Vice-Chancellor's UniView column in the Western Mail - 16/04/20
Mae'r cynnwys hwn ar gael yn Saesneg yn unig.
At the time of writing, we’ve just entered our fourth week of lockdown with no sign of the restrictions being eased. It marks the end of what has been an extraordinary month of change for Welsh universities, as it has been for everybody.
Universities are large and complex organisations. The global pandemic and the measures to halt its spread present us with huge challenges. I am extremely proud of all our staff who made sure we responded quickly and effectively to support our students. In less than a week we phased out face-to-face teaching, replacing it with classes delivered remotely. The great majority of our academic staff switched quickly to home working, offering advice and support online instead.
We are determined to allow students to complete their assessments for the year wherever possible. In recognition of the exceptional circumstances, we have adopted a ‘no disadvantage’ approach to the assessments, meaning that any student completing the summer assessments can only help, not hinder their mark for the year, so long as the requirements of clinical and professional bodies are complied with.
Other key University services like student support and wellbeing services, libraries and other facilities that students rely on are also being offered remotely. Again, staff working from home have completed the huge task of moving face-to-face activity on to a remote basis.
Not everything can be done from home, however, and I am especially grateful to those staff whose roles require them to continue to come to campus. Our essential operations and support for students still in accommodation have continued because of their efforts.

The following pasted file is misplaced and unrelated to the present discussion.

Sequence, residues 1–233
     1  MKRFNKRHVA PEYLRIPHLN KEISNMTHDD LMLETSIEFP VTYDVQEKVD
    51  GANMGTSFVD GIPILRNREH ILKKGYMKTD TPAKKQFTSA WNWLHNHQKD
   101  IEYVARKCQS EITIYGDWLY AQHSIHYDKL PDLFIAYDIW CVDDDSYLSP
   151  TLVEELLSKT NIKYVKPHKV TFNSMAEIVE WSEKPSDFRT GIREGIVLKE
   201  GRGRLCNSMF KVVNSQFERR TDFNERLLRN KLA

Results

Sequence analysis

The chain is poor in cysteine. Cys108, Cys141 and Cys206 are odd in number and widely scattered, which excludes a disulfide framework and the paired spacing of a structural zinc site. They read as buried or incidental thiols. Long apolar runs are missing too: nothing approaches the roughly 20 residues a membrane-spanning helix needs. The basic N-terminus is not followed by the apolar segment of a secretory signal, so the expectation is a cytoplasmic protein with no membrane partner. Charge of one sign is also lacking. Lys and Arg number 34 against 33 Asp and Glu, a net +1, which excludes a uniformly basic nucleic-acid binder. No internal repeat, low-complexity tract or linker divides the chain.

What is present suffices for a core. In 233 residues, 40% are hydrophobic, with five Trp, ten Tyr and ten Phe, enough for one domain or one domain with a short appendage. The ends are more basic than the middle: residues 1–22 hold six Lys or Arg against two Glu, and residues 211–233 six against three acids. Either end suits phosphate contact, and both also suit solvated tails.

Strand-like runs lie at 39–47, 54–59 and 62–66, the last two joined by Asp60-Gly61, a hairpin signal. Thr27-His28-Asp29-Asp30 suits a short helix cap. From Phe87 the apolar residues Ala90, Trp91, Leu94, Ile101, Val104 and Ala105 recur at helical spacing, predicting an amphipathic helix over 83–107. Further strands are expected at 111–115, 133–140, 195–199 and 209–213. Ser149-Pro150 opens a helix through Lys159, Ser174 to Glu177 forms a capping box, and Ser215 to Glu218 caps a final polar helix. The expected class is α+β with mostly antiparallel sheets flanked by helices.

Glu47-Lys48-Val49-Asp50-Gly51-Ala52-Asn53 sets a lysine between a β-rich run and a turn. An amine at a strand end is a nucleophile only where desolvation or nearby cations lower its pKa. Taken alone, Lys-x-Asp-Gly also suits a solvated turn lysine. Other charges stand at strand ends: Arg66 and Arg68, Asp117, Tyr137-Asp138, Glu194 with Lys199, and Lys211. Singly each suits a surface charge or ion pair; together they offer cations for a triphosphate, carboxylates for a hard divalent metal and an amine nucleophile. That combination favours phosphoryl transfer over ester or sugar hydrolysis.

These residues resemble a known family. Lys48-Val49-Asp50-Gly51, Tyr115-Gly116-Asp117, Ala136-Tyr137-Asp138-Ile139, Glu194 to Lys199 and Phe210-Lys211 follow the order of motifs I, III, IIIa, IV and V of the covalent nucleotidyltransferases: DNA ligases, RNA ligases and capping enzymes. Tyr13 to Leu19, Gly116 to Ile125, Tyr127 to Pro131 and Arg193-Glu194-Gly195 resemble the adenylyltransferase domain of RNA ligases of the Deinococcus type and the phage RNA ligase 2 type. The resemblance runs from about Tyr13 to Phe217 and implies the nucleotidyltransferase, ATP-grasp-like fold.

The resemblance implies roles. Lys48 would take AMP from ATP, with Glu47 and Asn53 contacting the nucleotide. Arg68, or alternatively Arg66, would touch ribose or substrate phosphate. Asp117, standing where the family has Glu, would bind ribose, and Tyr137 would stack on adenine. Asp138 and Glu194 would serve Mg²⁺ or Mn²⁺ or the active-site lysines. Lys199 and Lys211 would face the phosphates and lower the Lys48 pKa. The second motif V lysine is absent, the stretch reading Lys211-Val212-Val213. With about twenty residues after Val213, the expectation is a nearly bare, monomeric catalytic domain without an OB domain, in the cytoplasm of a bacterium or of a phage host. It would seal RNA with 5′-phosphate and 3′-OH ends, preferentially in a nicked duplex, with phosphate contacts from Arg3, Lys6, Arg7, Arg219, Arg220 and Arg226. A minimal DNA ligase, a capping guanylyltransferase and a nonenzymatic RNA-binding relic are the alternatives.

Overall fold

We recognise that this has been an extremely difficult time for our students. To relieve some of the immediate financial pressures, those students living in University-owned accommodation who returned home will not be charged for their final payment. I also wrote to private providers encouraging them to follow suit.
Of course, our clinical Schools, especially Medicine, Healthcare Sciences, Dentistry and Pharmacy are closely involved in the fight against the coronavirus. We are immensely grateful to our clinical colleagues for the work they are doing, both by directly working with patients or by providing training and refresher courses in the essential skills needed on the front line.
The same applies to research colleagues like our team of cancer experts who have switched their efforts to searching for a vaccine, or the team who are helping to map the spread of coronavirus as part of a £20m project announced by the UK’s chief scientific adviser.
However, we know that universities face some extremely difficult challenges.
Cardiff University remains in a strong position to weather this storm but the longer the uncertainty continues the more difficult it will become for us all to navigate.
Only last week, Universities UK said that the pandemic threatens to cut overseas student numbers sharply, warning that it will put some universities in financial danger.
This could cause extreme instability unless UK and Welsh Governments can offer additional support to help universities emerge from the crisis able to take on the new challenges that will inevitably ensue. It is incumbent on all of us who care about the long term future of our sector to continue to make this case.
Sadly, our normally vibrant campuses are quiet. For now, that is how it must be, but if we work together, in due course our combined efforts will see them humming with activity once again.